I am the scary story that Plant Parents tell their sweet little Plant Children to frighten them into planty compliance. I am the Evil Stepmother – the Baba Yaga – of the plant world. Rigorously ruthless. Consistently cruel.

Plants shudder when they’re hauled, screaming and crying, into my killer’s den.

I’ve build my entire plant-killing empire on my unswerving reputation as plant poison, personified.

So now, perhaps, you’ll understand my dismay at being so publicly thwarted – humiliated – by this tomato plant that, for two whole weeks, has neither withered nor waned and then, in an in-your-face move that I can hardly ignore, audaciously blossomed.

As though it intends to do something really drastic like bear fruit.

It’s unconscionable. And I certainly can’t tolerate this kind of plant behavior in my house.

So, tell me. What’s a hard-as-nails Plant Killer to do now, huh?

I’m at an utter loss and open to ideas.


Anyone at all…


Shooting Ducks

May 25 2012

You know how life is like shooting fish in a barrel? Like, it’s so easy you feel downright guilty?

Yeah. Me, neither.

Life is more like shooting ducks.

Really, really fast ducks with short attention spans, a penchant to dart rapidly in random directions, and bullet repellent.

And then, when you shoot ’em dead and think you’re done knocking ’em down so you can get on to the more important parts of life, the ducks rise again like Lazarus.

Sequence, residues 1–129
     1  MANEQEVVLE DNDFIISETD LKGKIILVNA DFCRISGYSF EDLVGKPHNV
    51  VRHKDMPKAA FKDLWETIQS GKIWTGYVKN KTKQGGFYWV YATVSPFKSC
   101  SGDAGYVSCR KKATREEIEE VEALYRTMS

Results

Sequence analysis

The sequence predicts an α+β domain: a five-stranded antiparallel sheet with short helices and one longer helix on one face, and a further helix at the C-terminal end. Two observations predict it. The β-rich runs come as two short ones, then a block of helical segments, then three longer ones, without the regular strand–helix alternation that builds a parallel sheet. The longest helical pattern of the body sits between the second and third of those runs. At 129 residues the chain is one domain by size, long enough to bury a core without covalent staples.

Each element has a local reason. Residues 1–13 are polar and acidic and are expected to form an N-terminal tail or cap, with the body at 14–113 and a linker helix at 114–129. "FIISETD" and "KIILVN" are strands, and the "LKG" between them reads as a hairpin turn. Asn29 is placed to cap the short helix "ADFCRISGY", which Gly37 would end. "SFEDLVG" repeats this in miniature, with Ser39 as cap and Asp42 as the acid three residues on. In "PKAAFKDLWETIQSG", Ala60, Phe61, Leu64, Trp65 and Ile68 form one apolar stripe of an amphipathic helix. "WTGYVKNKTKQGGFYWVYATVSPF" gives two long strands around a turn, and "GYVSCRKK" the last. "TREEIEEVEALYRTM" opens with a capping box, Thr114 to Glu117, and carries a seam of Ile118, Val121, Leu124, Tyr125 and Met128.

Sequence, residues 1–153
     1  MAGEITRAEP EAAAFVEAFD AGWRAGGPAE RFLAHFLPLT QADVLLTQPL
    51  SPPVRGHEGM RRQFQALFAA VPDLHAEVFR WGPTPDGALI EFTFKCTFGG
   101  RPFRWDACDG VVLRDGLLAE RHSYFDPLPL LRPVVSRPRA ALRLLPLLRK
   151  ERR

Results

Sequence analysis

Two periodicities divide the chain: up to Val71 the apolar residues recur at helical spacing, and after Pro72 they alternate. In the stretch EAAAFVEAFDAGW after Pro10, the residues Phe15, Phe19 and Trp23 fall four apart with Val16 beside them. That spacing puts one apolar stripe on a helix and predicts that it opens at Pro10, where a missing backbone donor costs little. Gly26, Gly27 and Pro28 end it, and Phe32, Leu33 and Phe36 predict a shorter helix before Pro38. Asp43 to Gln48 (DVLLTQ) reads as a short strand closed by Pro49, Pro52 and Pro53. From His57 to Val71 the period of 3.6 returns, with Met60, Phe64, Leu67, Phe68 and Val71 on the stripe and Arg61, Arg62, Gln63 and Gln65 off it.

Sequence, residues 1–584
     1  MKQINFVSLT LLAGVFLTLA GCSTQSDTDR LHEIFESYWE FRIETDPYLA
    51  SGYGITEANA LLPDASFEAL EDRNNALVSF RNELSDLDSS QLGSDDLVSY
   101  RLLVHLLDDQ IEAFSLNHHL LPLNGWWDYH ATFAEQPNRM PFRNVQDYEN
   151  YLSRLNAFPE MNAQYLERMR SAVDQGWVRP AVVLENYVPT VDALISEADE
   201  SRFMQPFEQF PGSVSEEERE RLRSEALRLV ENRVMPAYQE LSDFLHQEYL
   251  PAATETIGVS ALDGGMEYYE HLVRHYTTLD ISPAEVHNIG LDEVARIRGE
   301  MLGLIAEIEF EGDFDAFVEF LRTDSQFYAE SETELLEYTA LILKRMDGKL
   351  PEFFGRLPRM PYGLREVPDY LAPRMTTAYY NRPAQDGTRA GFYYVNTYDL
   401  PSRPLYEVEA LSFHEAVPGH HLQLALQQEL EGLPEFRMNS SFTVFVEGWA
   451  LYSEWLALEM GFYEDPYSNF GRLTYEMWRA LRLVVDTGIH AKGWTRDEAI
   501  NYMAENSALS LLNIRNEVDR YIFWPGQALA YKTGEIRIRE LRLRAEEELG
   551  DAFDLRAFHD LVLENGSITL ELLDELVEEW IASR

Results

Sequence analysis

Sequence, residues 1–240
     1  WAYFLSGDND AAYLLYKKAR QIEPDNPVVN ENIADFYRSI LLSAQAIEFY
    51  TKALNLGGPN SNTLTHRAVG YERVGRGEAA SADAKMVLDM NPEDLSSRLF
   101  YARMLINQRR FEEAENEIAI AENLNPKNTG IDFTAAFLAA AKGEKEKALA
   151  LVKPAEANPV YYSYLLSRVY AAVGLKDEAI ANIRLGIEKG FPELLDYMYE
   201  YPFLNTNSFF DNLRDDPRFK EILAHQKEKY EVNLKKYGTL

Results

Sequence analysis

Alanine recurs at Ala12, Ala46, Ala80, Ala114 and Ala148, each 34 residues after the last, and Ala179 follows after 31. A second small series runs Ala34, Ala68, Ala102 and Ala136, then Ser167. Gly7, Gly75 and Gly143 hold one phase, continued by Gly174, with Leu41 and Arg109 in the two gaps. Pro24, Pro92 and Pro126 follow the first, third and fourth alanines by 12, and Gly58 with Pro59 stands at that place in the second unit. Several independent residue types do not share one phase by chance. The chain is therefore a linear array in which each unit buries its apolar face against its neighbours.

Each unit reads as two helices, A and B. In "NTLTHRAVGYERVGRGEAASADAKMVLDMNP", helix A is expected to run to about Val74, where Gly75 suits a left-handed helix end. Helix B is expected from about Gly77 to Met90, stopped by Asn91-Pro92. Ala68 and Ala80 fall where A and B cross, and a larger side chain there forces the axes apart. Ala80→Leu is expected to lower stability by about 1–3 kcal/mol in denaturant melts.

Apocalyptic zombie ducks with ragged clothing and limps that are coming for us.


As my friend recently said,

You know what we need?
We need more compliant ducks.

And I say, Amen.


So… that about sums up the way my week’s been.

What about you? (Type your response quietly so the ducks don’t hear you.)


P.S. No ducks were harmed in the writing of this post.

P.P.S. Unless you consider the glorification of duck-shooting “harm” since it desensitizes the culture at large to the plight of zombie ducks.

P.P.P.S. I had a duck egg for breakfast. Just thought you should know. Full disclosure and all that.

P.P.P.S. I plan to write and (finally!) respond to comments this weekend. But THANK YOU for keeping the lines of communication open. I love you for it. I do.


The Zippered Pocket

May 22 2012

I had the shakes. I was jittery. I kept biting the skin around my nails.  And it wasn’t just because of the excessive coffee I drank.

Although walking in sunshine and over-eating fresh pasta and flaky, buttery pastries are excellent, highly recommended coping mechanisms (which I assure you I employed to the very best of my ability), I still managed to pathologically miss my children on vacation last week.

I just… really missed them.

I know. I’m an embarrassment to exhausted mamas everywhere, and I should have my vacation credentials revoked.